It’s beginning to sound a lot like Christmas with two non-traditional (and kinda gay) holiday CDs
3 out of 5 Stars
Metal God Records
Head banging doesn’t come to mind as quickly during the holiday season as, say, getting sloshed on eggnog (which leads to an entirely different kind of head banging). That hasn’t stopped Rob Halford, legendary out frontman of Judas Priest, from going all heavy metal on Christmas carols with his newest release, Winter Songs. (Technically, it’s by the band Halford, but seriously, we know how these things work.)
The album, while never great, is not forgettable, either. And it could make your door-to-door caroling far more interesting.
On five traditional Christmas carols, Halford gives a metal touch with mixed results, translating these standards into rockers, complete with driving drums and blaring guitar solos, yet keeping them true to the traditional tune of each.
On "What Child is This," they do stay close to the original. It’s a courteous orchestration with subtle guitar work and delicate keyboards, and its hardness doesn’t bring the song down. Even the finale guitar solo is subdued, ending the song in a dreamlike fashion.
The band handles the metal sensibility rather beautifully on "Oh Holy Night" without venturing into the cheesiness of the Trans-Siberian Orchestra. "We Three Kings" gives room for guitars to shred and drums to flex, playing more like a Gothic epic tone.
"Oh Come O Come Emanuel" is arguably the best of the traditional bunch. Its turbo-loving beat is sufficient for any metalhead, and despite the license taken with the chorus, it works. The weakest entry is an overly melodramatic "Come All Ye Faithful," which closes out the album disappointingly.
Oddly, the Achilles heel on all these songs is Rob Halford’s voice. Iconic in the heavy metal genre, it’s too rough to emotionally deliver the sentiments at their most effective; he just sounds angry the whole time ("Merry Christmas…! Now fuck off" seems to be the message.)
When covers don’t hold them back, the band tears it up and Halford-the-singer breaks free into his signature screech. The opening song, "Get Into the Spirit," is flat-out hard rock with no suggestion of doing what the title says. You’re being told to do it. Or else.
Even when the beat relaxes in "I Don’t Care" (about running late for Christmas), Halford sings with sexy grit. The song itself is flimsy, but it’s amusingly delivered.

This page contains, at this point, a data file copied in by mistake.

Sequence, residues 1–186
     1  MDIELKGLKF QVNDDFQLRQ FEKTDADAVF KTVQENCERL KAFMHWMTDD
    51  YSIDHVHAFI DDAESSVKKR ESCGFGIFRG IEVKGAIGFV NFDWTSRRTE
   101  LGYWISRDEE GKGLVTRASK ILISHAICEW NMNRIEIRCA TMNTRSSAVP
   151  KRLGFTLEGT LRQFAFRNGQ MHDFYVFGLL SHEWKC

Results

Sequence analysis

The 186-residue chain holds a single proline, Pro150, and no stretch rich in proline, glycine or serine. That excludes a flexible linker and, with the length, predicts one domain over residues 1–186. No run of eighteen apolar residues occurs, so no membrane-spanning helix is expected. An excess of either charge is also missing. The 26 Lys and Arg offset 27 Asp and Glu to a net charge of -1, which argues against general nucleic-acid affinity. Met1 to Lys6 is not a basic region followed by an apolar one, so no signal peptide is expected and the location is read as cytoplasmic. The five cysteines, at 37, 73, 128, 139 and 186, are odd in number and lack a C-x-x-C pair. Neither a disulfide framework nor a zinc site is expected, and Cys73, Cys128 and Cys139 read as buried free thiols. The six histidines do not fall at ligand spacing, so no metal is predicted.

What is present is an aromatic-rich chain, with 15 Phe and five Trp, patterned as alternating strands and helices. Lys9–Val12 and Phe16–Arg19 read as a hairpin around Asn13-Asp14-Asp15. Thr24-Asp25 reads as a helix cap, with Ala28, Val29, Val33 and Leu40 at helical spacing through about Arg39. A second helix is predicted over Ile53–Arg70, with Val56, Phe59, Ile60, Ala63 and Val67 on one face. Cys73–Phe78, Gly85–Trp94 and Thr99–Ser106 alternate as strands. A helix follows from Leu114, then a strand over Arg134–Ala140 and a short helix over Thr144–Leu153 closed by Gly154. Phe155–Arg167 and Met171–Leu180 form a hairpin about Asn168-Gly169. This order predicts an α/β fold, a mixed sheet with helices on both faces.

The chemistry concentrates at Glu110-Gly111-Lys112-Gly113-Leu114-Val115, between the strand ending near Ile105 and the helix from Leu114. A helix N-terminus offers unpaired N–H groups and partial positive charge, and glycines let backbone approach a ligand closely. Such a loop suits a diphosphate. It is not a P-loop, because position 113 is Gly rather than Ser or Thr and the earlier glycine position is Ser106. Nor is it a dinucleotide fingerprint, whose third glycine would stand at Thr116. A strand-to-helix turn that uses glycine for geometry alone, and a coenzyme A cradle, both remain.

Two nice surprises add texture to the CD. A cover of Sara Bareilles’ ethereal ballad "Winter Song" improves on the original. Halford’s hardened voice is tinged with beautiful pain. It’s as if this is the song he’s been waiting to sing and he captures the sadness and romance perfectly.
And "Christmas for Everyone" contains a merry attitude that sounds like something Josey and the Pussycats would have sung, only harder. It’s bouncy and rocky and could cater to any modern kiddie television special (if they still made them). It reveals Halford’s playful side.
Then again, the album itself is telling about rock’s best â€“known leather daddy.
Despite the skull rings, tattooed pate and mysterious stare behind those sunglasses, perhaps Mr. Halford and his crew are big softies. Just don’t tell them I said so; they could hurt me.
— Rich Lopez
3.5 out of 5 Stars
At theaters across the Metroplex
Local theater critics like yours truly like to tout the talents of local artists as rivaling those in New York and other cultural destinations. The reality is nowhere more in evidence than on Holidazzle 2009, a new Christmas music album produced by five members of the North Texas LGBT community. Sales of CDs, which are available online and in the lobbies of most area theaters through the end of the year — benefit the children’s shelter Jonathan’s Place.
Doing something good with your music purchase could be reason enough to shell out some greenbacks for a CD, but in fact, the album is worth every penny. Yes, there is the comforting side effect of hearing your neighbors sing together on your iPod, but that was never enough to get me to buy a Jessica Simpson record.
No, the music itself is charming, the production solid and spirit-lifting.
The best of the early songs is Natalie King, pulling out all the Darlene Love stops on a Wall of Sound rendition of "Christmas (Baby, Please Come Home)." King soars and screeches and turns the holidays into a plaintive celebration of love.
Humor sparkles on the Marisa Diotalevi-Doug Miller duet "Baby, It’s Cold Outside" (light-hearted but musically nimble, especially from Diotalevi) and even on annoying ditties like Julie Johnson’s "Santa Claus Is Coming to Town" ("He knows when you’re awake — that’s creepy" she ad-libs).
Jenny Thurman sings a duet with herself — in the guises of Judy Garland and Patsy Cline — on "Have Yourself a Merry Little Christmas," written as a 1940s-era radio broadcast. (Her Garland impersonation is even better than her Cline, which she has performed countless times on local stages.)
The arrangement on Gary Floyd’s version of "O Holy Night" is unique and his voice resplendent with passion and Denise Lee’s "Someday at Christmas" is deeply beautiful.
But no track is better than Patty Breckenridge’s cover of "My Grown Up Christmas List." With Disney musical-like hummability and unadorned sentiment, it single-handedly put me in the spirit of the season easily a week earlier than usual. Thanks, Patty — and happy holidays to all.
This article appeared in the Dallas Voice print edition November 20, 2009.
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